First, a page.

# Lecture 4 PY 427 Statistics 1 Fall 2006 Kin Ching Kong, Ph.D

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Lecture 4 PY 427 Statistics 1 Fall 2006 Kin Ching Kong, Ph.D
Chicago School of Professional Psychology Lecture 4 Kin Ching Kong, Ph.D

Agenda Probability Probability & The Normal Distribution Definition
Simple Random Sample Probability and Frequency Distributions Probability & The Normal Distribution The Normal Distribution The Unit Normal Table Probabilities and z-Scores Probabilities for Scores From a Normal Distribution Preview of Inferential Statistics

Probability Definition: When several different outcomes are possible, we define the probability for any particular outcome as a fraction or proportion. If the possible outcome are identified as A, B, C, D, and so on, then: probability of A = number of outcomes classified as A total number of possible outcomes Notation: probability of A = p(A) Inferential procedures are built around the concept of probability. That is, the relationships between samples and populations are usually defined in terms of probability.

Simple Random Sample Assumptions of Simple Random Sample:
Each individual in the population have an equal chance of being selected. (Each individual outcome has equal probability) If more than one individual is to be selected for the sample, there must be constant probability for each and every selection. Solution: random sampling with replacement

Probability and Frequency Distributions
In a frequency distribution graph of a population of scores, probabilities are represented by proportions of the graph. That is, the probability of any score or set of scores correspond to the proportion of the graph associated with the scores. E.g. N = 10 Scores: 1, 1, 2, 3, 3, 4, 4, 4, 5, 6 Figure 6.2 of your book p (X > 4) = ? p (X = 4) = ?

Probability & the Normal Distribution
Figure 6.3 of your book Proportions in a normal distribution Figure 6.4 of your book Probability questions about a normal distribution e.g: Adult heights form a normal distribution with a mean of 68 inches and a standard deviation of 6 inches. What is the probability of randomly selecting an individual who is taller than 6 feet 8 inches (80 inches) p(X > 80) = ? z = (X – m)/s z = (80 – 68)/6 = 2 Figure 6.5 of your book p(z > 2.00) = 2.28% or .0228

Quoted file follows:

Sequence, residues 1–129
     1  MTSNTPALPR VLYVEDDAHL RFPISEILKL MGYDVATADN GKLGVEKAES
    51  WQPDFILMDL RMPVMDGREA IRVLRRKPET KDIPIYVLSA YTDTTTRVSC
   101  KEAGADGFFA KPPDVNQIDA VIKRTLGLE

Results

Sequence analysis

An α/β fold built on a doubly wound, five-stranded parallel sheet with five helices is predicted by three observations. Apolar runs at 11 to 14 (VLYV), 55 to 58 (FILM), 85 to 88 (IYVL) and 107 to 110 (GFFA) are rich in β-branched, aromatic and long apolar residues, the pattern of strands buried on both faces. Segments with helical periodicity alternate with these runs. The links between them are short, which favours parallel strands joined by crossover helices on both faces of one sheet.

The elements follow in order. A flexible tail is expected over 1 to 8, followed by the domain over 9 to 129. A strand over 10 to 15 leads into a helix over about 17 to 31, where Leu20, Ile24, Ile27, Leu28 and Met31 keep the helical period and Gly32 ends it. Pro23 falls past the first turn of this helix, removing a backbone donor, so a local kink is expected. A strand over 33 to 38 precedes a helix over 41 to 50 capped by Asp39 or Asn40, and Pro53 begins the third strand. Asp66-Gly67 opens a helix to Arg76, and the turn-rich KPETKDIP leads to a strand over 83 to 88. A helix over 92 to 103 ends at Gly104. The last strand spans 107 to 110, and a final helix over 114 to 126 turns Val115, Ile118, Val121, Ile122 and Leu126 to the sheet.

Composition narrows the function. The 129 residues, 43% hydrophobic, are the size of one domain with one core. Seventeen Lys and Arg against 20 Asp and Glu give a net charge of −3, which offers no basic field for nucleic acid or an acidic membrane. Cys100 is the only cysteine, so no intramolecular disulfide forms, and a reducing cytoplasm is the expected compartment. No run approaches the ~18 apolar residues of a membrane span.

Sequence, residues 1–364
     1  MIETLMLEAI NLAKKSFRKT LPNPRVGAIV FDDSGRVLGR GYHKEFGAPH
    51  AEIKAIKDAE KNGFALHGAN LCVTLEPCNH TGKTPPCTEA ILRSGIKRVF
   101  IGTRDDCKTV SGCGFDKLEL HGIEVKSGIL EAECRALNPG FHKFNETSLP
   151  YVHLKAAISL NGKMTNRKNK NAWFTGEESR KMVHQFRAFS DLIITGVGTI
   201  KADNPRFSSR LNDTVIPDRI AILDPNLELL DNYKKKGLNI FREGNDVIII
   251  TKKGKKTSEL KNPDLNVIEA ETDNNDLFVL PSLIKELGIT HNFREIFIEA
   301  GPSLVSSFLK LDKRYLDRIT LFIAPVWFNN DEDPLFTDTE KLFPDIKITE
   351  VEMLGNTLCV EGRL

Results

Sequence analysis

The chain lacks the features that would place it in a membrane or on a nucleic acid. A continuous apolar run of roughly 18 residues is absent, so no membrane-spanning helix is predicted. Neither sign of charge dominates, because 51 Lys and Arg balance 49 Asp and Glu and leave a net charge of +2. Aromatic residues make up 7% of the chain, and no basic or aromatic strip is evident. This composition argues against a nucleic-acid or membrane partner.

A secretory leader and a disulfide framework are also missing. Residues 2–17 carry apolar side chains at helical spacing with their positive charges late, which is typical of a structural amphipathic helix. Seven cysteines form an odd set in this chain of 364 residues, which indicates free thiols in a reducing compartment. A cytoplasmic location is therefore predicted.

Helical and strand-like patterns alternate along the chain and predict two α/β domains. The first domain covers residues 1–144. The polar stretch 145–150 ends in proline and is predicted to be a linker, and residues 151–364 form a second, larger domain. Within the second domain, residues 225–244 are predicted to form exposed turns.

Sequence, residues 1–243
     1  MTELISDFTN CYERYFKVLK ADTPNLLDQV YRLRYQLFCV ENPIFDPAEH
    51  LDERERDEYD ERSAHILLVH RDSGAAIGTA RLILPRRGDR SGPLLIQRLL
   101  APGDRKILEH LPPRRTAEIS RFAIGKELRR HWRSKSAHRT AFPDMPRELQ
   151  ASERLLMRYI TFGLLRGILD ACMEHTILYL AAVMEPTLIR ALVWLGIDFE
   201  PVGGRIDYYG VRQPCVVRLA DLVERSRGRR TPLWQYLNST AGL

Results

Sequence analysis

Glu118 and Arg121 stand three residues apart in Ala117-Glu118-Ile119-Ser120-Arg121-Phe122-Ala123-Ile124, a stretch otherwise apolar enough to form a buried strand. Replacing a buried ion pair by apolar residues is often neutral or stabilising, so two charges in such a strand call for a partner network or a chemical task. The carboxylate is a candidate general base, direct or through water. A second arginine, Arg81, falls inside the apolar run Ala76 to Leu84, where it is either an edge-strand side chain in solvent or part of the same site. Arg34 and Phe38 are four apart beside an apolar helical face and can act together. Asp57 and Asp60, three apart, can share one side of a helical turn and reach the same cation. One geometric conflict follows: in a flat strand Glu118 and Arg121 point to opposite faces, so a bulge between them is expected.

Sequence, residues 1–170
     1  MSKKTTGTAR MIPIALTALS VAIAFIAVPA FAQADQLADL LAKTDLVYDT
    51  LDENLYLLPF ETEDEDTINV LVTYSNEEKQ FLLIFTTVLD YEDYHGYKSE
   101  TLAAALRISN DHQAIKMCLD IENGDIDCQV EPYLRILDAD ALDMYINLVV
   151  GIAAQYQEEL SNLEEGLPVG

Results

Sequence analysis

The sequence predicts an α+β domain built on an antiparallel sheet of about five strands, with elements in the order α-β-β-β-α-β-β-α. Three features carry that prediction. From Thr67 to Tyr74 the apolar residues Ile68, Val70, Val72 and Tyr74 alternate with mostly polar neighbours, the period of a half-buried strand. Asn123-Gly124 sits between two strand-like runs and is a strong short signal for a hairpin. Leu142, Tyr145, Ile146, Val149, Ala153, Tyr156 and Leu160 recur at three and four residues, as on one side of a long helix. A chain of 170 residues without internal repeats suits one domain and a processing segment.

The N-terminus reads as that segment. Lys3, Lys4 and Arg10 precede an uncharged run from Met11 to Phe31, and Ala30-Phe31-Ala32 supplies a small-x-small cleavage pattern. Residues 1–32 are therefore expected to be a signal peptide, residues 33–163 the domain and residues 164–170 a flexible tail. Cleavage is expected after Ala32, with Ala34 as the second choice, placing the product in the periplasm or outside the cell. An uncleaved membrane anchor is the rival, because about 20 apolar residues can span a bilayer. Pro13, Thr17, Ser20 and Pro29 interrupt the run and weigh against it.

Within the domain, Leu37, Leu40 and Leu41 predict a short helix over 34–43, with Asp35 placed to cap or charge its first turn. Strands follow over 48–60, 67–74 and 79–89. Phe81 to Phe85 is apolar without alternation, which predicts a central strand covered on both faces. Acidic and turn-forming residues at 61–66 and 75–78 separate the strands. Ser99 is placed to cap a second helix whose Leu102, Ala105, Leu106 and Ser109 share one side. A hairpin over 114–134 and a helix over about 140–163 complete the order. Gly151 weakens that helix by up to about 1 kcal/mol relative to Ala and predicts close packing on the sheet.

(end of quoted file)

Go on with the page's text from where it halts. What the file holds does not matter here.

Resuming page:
The Unit Normal Table The unit normal table lists proportions of the normal distribution for a full range of z-scores (Appendix B, Table B.1). Figure 6.6 of your book The body (B) is always the larger part of the distribution. The tail (C) is always the smaller part of the distribution The normal distribution is symmetrical, so the proportions on the right-hand side are exactly the same as the corresponding proportions on the left-hand side. We have defined probability = proportion, so the numbers in the unit normal table are also probabilities.

Using the Unit Normal Table to Find Proportions or Probabilities
Exercise 1: What proportion of the normal distribution corresponds to z-score values greater than z = 1.00? Or, for a normal distribution, what is p(z > 1.00)? Exercise 2: For a normal distribution, what is the probability of selecting a z-score less than z = 1.50? Exercise 3: For a normal distribution, what is p (z < -0.50)? Figure 6.7 of your book Answers

Using the Unit Normal Table to Find z-Scores
The Unit Normal Table can also be used to find z-score locations for specific proportions. Exercise 1: For a normal distribution, what z-score separates the top 10% from the rest of the distribution? Exercise 2: For a normal distribution, what z-score values form the boundaries for the middle 60% of the distribution? Figure 6.8 of your book Answers

Using the Unit Normal Table w/ X values
Most of the time, the Unit Normal Table is used to find probabilities for specific X values. Step 1: Transform the X value into a z-score Step 2: Find the probability associated with the z-score in the unit normal table. E.g.: IQ scores form a normal distribution with m = 100 and s =15, what is the probability of randomly selecting an individual with an IQ score less than 130? p( X < 130)? z = (X – m)/s = (130 – 100)/15 = 30/15 z = 2 p(z < 2) =.9772 p(X < 130) = .9772

More Examples Finding probabilities between two scores:
e.g.: The highway dept. found that the average speed is m = 58 miles/hour with a standard deviation of s = 10 for a local section of the interstate highway. The distribution was approximately normal. What proportion of the cars are traveling between 55 and 65 miles/hour? p(55 < X <65) For X = 55: z = (X – m)/s = (55 – 58)/10 = -3/10 = -0.30 For X = 65 z = (65 -58)/10 = 7/10 =0.70 p(55 < X < 65) = p(-0.30 < z < 0.70) = = Figure 6.10 of your book

More Examples To find proportions/probabilities for specific X values and to find X values for specific proportions, finding z-scores is a necessary intermediate step. Figure 6.11 of your book Example of going from proportion to X value: Scores on the SAT form a normal distribution with m = 500 and s = What is the minimum score necessary to be in the top 15%? Figure 6.12 of your book p(X >?) = 0.15 p(z > ?) = 0.15, z = +1.04 z = (X – m)/s 1.04 = (X -500)/100 1.04(100) = X -500 104 = X – 500 = X 604 = X, you must have a score of at least 604

Your Turn 1. For a normal distribution with a mean of 80 and a standard deviation of 10, what is the probability of randomly selecting a score greater than 85? Answer 2. For a normal distribution with a mean of 100 and standard deviation of 20, what is the minimum score needed to be in the top 5% of the distribution?

Preview of Inferential Statistics
Experiment at the end of Ch. 5 last slide of lecture 3 Probability helps us decide exactly where to set the boundaries for what is considered extreme values Figure 6.14 of your book

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